Washington and Lee law professor Lyman Johnson presented at the annual Fiduciary Law Workshop, held this year at Duke Law School. The Fiduciary Law Workshop is intended to foster broad scholarly interest in the field. The Workshop is open to scholars whose work is historical, doctrinal, economic, philosophical, or empirical in methodology.
Prof. Johnson presented his paper titled “Relating Fiduciary Duties to Corporate Personhood and Corporate Purpose.” He was one of twelve scholars to present during the workshop. From the paper:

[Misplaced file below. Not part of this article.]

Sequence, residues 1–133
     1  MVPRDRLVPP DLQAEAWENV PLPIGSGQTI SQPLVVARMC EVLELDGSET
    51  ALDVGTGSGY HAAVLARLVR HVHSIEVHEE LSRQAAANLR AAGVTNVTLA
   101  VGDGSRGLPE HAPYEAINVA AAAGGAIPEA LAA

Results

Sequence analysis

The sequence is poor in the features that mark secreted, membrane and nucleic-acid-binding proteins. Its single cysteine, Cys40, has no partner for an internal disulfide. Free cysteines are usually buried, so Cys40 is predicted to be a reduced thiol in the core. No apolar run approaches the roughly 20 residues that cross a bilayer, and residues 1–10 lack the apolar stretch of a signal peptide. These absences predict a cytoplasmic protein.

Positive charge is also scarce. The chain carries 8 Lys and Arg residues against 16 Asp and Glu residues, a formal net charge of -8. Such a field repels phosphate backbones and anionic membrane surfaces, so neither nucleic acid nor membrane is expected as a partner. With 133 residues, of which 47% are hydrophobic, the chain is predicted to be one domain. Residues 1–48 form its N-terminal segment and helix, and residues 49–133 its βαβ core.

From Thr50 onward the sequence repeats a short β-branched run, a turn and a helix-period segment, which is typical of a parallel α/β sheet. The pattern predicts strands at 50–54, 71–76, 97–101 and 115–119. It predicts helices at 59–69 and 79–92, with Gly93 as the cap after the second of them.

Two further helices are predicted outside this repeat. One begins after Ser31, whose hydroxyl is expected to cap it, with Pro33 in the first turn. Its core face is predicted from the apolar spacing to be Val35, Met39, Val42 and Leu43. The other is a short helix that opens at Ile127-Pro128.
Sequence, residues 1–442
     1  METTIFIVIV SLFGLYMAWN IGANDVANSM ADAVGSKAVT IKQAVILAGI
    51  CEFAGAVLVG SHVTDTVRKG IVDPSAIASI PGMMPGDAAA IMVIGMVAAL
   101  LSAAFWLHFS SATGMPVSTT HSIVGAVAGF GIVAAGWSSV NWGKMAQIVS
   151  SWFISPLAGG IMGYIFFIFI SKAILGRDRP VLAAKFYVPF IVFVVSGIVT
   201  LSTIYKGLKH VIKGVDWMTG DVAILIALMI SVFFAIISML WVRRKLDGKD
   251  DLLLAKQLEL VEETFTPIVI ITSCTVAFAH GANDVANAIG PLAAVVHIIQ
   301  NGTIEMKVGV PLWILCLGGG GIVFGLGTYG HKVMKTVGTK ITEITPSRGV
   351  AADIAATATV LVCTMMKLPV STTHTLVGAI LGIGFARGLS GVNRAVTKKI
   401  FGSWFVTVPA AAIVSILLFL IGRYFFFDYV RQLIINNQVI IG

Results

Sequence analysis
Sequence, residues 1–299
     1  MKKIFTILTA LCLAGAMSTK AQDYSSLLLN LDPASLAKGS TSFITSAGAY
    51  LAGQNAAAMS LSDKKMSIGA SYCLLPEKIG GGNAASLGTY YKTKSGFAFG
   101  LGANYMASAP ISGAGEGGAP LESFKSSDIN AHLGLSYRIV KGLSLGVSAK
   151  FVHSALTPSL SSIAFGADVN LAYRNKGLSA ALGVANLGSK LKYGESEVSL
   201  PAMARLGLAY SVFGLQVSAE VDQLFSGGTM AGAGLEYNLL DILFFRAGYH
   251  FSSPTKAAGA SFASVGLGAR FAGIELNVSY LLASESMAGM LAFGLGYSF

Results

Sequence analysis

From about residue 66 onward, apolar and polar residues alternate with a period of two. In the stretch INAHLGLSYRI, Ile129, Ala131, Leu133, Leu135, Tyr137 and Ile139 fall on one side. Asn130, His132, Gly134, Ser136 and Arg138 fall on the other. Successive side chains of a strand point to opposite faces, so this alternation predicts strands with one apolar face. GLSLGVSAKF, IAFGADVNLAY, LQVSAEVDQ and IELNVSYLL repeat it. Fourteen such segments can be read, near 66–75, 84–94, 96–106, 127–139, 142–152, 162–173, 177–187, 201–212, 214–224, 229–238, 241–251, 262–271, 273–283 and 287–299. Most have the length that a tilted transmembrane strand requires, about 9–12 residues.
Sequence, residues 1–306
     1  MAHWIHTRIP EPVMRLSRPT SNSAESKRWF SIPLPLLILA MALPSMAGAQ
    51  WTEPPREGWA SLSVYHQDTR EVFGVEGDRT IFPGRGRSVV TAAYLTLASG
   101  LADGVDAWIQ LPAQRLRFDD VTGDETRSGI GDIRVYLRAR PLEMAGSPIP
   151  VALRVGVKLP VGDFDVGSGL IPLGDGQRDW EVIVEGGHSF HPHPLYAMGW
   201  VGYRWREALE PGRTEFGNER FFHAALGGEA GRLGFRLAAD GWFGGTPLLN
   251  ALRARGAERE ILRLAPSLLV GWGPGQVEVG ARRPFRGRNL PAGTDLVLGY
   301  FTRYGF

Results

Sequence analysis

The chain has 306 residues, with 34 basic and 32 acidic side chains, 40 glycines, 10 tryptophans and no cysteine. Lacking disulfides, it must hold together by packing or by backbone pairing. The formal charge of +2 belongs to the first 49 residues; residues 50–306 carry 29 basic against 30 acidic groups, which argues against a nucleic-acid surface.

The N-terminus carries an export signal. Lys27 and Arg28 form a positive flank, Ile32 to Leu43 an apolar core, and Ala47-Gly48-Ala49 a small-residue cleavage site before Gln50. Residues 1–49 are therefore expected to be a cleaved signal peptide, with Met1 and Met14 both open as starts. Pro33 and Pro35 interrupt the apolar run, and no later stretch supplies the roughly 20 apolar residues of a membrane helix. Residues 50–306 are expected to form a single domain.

Corporate personhood and corporate purpose should be taken seriously in theory and doctrine by taking the corporate entity as a socio-legal institution seriously; that is, as a person distinct from associated persons both in juridical status and in its organizational purpose(s). This should extend into the realm of fiduciary duties as well. Coherence demands that the director duties of care and loyalty run to the corporation, at least with respect to the purpose of the corporation. Delaware’s corporation statute, after all, charges the board of directors to direct the business and affairs of the corporation itself, not those of stockholders. And its formulation of the business judgment rule presumes, likewise, that directors are acting in the best interests of the 99 Gold and Miller (2014) (collection). 35 corporation.